The first Maasai warrior I ever encountered was on a market day in Mtito Andei, Kenya. He was not really interested in chit chat. He was there to buy and sell cattle. He also had a fierce glare and a brusque manner. He reminded me a little of a bull elephant I encountered later on that trip and cattle farmers you encounter everywhere in rural America.
Most cattle farmers aren’t exactly beloved in our Meadow Creek Valley. Many of the ridges around Meadowcreek are being bulldozed, planted in fescue, and overstocked with cattle. The rain washes the cattle waste down the hillsides and into the creeks and rivers. Most of the year we don’t notice, but when water levels get low, we start to get algae growing in the swimming hole upstream of the main Spring. That spring and all of other seeps down the valley keep the rest of the swimming holes clean, but we sure hate to see even one polluted.
I grew up raising cattle. I remember calculating how rich I was going to be when all my cattle had cattle. We didn’t exactly calculate anyone’s worth based on how many cattle he owned (like the Maasai do), but it was a factor. If someone didn’t have any cattle, he just was not someone you’d want to associate much with. Cattle was what you talked about when you got together with friends.
Cattle accompanied our ancestors when they left Africa and then spread across Europe after the Ice Ages ended. Those ancestors selected animals for delicious meat and were in turn genetically changed to be able to process milk as adults. The semi-wild auroch was gradually transformed into the various breeds we have today: Holsteins, Jerseys and Guernseys for milk; Angus and Hereford for meat.
Most contend the Angus is the best quality meat, but they’ve never tasted Galloway beef. On the family farm in Missouri, Galloway/Angus crosses produce even better meat for direct market customers.
I left the cattle production to my brother and sisters long ago. Somehow I came to love spring wildflowers and noticed that our woods had noticeably fewer wildflowers than the woods across the fence where no cattle grazed. It wouldn’t be hard to keep the cattle out of the woods in the spring, but I’d be outvoted.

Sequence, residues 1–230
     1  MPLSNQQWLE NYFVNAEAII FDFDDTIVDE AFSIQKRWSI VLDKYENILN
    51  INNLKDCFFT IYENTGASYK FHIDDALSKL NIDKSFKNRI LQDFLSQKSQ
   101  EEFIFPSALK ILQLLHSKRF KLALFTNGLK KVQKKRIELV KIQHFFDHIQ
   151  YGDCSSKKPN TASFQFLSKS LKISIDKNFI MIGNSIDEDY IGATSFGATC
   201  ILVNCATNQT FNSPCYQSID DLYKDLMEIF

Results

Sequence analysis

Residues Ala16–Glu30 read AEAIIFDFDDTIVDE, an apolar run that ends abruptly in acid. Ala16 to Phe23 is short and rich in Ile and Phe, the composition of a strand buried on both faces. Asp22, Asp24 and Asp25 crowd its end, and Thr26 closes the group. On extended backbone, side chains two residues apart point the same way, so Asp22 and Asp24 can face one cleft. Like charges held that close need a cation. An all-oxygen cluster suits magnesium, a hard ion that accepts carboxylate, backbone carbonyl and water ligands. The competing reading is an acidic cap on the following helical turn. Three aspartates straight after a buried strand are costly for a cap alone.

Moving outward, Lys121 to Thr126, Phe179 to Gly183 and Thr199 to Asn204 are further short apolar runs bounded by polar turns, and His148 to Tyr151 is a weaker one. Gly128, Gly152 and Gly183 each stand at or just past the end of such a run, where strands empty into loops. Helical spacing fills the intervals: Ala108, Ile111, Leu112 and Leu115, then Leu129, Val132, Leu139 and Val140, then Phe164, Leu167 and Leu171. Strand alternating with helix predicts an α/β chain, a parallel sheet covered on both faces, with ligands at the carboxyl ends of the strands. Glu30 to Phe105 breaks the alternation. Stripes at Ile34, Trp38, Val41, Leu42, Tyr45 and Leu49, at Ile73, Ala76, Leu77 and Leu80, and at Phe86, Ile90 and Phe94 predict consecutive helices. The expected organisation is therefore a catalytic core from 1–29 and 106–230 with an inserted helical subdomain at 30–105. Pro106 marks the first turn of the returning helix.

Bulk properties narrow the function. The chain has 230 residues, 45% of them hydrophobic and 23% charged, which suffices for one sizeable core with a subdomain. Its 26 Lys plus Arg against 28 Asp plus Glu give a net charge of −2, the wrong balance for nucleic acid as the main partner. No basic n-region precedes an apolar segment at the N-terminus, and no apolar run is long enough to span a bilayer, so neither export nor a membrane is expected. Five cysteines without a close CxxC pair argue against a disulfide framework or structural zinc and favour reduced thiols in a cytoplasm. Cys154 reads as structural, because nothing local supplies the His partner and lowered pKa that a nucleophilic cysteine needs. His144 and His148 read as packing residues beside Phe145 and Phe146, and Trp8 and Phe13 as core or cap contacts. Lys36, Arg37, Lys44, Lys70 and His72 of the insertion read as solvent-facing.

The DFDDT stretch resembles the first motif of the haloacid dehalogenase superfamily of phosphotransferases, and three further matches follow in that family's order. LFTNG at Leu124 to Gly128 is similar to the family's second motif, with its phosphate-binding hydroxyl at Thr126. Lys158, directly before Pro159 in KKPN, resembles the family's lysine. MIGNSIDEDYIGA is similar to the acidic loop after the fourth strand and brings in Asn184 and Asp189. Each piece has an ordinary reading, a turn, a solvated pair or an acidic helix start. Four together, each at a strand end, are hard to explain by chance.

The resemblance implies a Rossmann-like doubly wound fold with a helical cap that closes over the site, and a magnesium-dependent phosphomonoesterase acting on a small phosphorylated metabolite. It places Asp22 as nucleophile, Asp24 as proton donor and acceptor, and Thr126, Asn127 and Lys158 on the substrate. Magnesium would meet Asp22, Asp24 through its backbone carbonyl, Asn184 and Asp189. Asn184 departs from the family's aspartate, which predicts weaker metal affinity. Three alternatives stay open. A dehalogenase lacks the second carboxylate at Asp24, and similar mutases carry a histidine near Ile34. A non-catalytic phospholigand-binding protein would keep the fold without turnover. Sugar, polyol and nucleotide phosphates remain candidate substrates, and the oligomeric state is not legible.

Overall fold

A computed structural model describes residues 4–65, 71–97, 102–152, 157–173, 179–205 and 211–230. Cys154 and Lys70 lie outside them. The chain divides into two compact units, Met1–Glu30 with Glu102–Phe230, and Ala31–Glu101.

Our family farm is one of the pioneers in one ecologically sound practice involving cattle: bale grazing. We used to call it terrafarming (from the science fiction idea of terraforming Mars to create farmland) but that esoteric term never caught on. However, as “bale grazing,” the idea has caught fire.
In terrafarming or bale grazing the farmer places large round bales in paddocks for winter grazing. The cattle are let into the paddock when they finish the hay in a previous paddock. They tromp left over hay into the soil along with their manure. Once the hay in a paddock is finished, that paddock is closed to cattle to reduce compaction. This process increases organic matter, soil quality and the productivity of the paddock the next year. A farmer can place bales on any part of the farm where he wants to improve the soil. Some farmers put out enough bales for the entire winter and use electric fence to contain the cattle.
The process mimics the natural process which led to some of the richest farmland in the world. Wolves and other predators kept wild cattle and deer concentrated in herds which moved only when they had consumed all the grass in one area. This meant manure and uneaten organic matter was incorporated into the soil. Over untold generations, the wolves and wild grass eaters created the deep rich soils of the Illinois-Iowa (mollisols) and Ukraine (chernozem).
Electric fence and the farmer have replaced the wolves and cattle have replaced the wild grass-eaters, but the process is the same. And intensified, so good soil is created much more quickly.
The only difference comes when the farmer tries to keep too many animals. Stocking too many animals on too little land causes overgrazing. Overgrazing results in soil erosion and eventually degradation of the land so no grazing is possible. When drought hits, degradation is intensified. Natural systems deal with this through the weakening of the herd with less food available and wolves and predators picking off the weak.
Ecologically sound farmers reduce their herds in times of drought to match the grazing capacity of their land. Unfortunately, many Arkansas farmers are like the Maasai and like to keep their numbers up. So they overgraze and buy hay in the drought and don’t sell as many as they should.
Nature cares not about the individual. For the system to be resilient, some cows have to be sacrificed. Cattle farmers seldom want to sell as many as they need to. So we have too many cows on too little land, degrading the land and polluting our streams.
Some in Meadow Creek valley would like to just get rid of cattle totally. Most of us like beef too much.